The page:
Movie Therapy: Using Movies for Mental Health

like
art, books, and music -- areB becoming one more tool to help those in
therapy achieve their goals and overcome their hurdles. And books with such
titles as Rent Two Films and Let's Talk in the Morning and
Cinematherapy for Lovers: The Girl's Guide to Finding True Love One Movie at
a Time
are finding their own niche in the self-help sections of many
bookstores.

"Cinema therapy is the process of using movies made for the
big screen or television for therapeutic purposes," says Gary Solomon, PhD,
MPH, MSW, author of The Motion Picture Prescription and Reel
Therapy
.

"It can have a positive effect on most people except those
suffering from psychotic disorders," says Solomon, a professor of
psychology at the Community College of Southern Nevada.

In fact, Solomon often lectures at prisons to help inmates
learn to use movies as therapy to see what they have done to get them into
their current predicament and, hopefully, to learn from it.

Cue up your DVD player because "cinema therapy is something
that is self-administered," he says. "That's not to say therapy on a
one-to-one basis is bad, but this is an opportunity to do interventional work
by yourself."

The idea, says Solomon, is to choose movies with themes that
mirror your current problem or situation. For example, if you or a loved has a
substance abuse problem, he suggests Clean and Sober or When a Man
Loves a Woman,
or if you are coping with the loss -- or serious illness --
of a loved one, he may suggest Steel Magnolias or Beaches.

When watching such movies as a form of therapy, he says to look
for the therapeutic context such as addiction, death/dying, abandonment or
abuse, the ability to reach out and touch the viewer, and the overall content
or subject matter.

Many Faces and Forms of Cinema Therapy

But "there's not one definition of cinema therapy,"
says Oakland, Calif.-based cinema therapist Birgit Wolz, PhD, author of The
Cinema Therapy Workbook: A Self-Help Guide to Using Movies for Healing and
Growth
.

There's "popcorn cinema therapy," which can include
watching a movie for a needed emotional release. According to Wolz, popcorn
cinema therapy is rather heavy on cinema and rather light on therapy.

In what she dubs as "evocative cinema therapy," Wolz
prefers to uses movies as therapy to help others learn about themselves in more
profound ways based on how they respond to different characters and scenes.

It works like this, she says: "First, I ask about their
personal situation and get a sense of where they are at in their lives, and
then I will recommend movies that may speak to them on certain levels."

There's also cathartic cinema therapy involving laughing or
crying, Wolz says. "This is also effective if it's done right as a
precursor or a first stage of psychotherapy," she says. Say a person is in
the midst of a depression; a movie that helps them to cry can open up different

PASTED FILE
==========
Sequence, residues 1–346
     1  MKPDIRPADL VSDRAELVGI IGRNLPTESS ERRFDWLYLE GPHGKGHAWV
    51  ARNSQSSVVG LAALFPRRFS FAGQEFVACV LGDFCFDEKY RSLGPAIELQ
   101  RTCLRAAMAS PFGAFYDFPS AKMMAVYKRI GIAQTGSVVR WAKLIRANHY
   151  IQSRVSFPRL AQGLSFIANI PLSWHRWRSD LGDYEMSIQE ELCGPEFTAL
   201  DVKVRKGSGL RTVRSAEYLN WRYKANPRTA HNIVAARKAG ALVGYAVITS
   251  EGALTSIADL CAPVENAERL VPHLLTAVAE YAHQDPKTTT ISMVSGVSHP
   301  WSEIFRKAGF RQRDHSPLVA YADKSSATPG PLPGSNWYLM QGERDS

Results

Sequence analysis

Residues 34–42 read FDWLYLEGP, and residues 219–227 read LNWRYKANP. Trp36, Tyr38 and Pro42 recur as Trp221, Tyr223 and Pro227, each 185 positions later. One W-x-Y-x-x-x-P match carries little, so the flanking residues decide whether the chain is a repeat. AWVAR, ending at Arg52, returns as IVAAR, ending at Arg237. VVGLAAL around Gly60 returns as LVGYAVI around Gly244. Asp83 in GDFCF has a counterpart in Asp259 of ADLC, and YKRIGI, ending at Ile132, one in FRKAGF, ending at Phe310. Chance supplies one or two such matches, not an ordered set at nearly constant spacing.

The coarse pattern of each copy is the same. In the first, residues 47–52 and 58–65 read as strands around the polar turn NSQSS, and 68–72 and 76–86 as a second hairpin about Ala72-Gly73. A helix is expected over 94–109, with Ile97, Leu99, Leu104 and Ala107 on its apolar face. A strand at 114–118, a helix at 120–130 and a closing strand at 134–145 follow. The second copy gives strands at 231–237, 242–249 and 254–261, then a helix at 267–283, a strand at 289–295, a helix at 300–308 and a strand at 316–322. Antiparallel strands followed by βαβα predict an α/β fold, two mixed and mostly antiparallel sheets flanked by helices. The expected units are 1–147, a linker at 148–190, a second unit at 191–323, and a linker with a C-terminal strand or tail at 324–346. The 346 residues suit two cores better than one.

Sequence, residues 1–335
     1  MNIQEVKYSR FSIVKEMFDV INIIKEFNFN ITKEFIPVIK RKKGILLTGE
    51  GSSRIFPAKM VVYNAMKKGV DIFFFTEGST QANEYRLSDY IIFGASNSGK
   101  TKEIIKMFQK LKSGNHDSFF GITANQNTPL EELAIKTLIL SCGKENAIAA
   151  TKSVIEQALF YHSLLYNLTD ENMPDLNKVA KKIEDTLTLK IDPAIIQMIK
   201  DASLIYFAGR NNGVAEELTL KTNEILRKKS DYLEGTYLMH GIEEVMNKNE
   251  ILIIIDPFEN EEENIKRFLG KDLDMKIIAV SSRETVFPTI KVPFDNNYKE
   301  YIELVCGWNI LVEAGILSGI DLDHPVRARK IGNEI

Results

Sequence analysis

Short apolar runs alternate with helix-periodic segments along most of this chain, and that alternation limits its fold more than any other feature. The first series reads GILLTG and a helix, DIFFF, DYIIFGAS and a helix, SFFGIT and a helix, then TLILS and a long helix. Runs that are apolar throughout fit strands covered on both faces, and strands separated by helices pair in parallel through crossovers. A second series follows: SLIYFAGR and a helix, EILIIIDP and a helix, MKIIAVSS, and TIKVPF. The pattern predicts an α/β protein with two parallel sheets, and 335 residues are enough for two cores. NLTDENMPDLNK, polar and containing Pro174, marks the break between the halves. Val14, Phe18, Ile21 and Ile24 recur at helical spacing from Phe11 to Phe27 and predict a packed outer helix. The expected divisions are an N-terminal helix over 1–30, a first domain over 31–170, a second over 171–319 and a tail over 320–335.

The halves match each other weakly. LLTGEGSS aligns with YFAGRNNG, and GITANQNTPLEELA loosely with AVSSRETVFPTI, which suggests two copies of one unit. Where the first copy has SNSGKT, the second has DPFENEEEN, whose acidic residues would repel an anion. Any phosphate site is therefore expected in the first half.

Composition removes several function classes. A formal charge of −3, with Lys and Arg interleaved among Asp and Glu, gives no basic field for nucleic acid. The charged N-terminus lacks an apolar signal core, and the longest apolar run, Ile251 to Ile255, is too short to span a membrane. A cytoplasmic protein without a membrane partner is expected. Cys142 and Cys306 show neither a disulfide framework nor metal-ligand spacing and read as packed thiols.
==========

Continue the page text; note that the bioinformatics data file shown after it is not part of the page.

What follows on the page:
levels of their psyche, she explains to WebMD.

When watching movies, Wolz recommends sitting comfortably and
among other things, noticing what you liked and didn't like about the movie and
which characters or actions seemed especially attractive or unattractive.

She also suggests asking yourself whether there were any
characters in the movie who modeled behavior that you would like to
emulate.

It helps to write down your answers, she says.

Make-Your-Own Movie Therapy

In what may be the Sundance festival of the cinema therapy
world, the Chicago Institute for the Moving Image (CIMI) helps people seeking
therapy for depression or other serious psychitric illnesses, including
schizophrenia or amnesia, to write, produce, and direct their own movies.

"We work with patients who tend to have personal interests
in making a movie or a screenplay and are already working with a
therapist," says Joshua Flanders, CIMI's executive director.

"We will be brought in as a consultant to work with the
patient and therapist to edit screenplays, rehearse scenes, and try out
people," he says.

"The process of filmmaking provides a certain amount of
therapy, organization, and order that people with psychological diseases need,
and it helps the therapist see what the conflicts are within their patients
lives," Flanders explains.

In a sense, making a movie or creating a screenplay enables the
therapist or loved ones to see the world through this person's eyes.

In the past, Flanders has seen people make "enormous
breakthroughs" with this form of cinema therapy.

A Word of Caution

But patients should not cancel their next therapy session to
catch a matinee, cautions Bruce Skalarew, MD, a Chevy Chase, Md.-based
psychiatrist and psychoanalyst and the co-chairman for the Forum for
Psychoanalytic Study of Film.

Movies are often used in therapy or analysis, Skalarew tells
WebMD.

"People will bring up a movie or a book, and the selection
process of what they hone in on can be a clue to some obvious -- or not so
obvious -- conflict that they are working with," he says.

If the therapist is familiar with the movie, he or she can see
distortions or anything the viewer may have emphasized, de-emphasized, or left
out for deeper insights into their personal issues and struggles.

That said, Skalarew cautions that he is not advocating cinema
therapy or movies as a prime means of therapy. "Like art therapy, dance
therapy, and music, you can bring it into a traditional form of therapy, and as
an accessory it can be very useful."

By Denise Mann
Reviewed by Louise Chang
B)2005-2006 WebMD, Inc. All rights reserved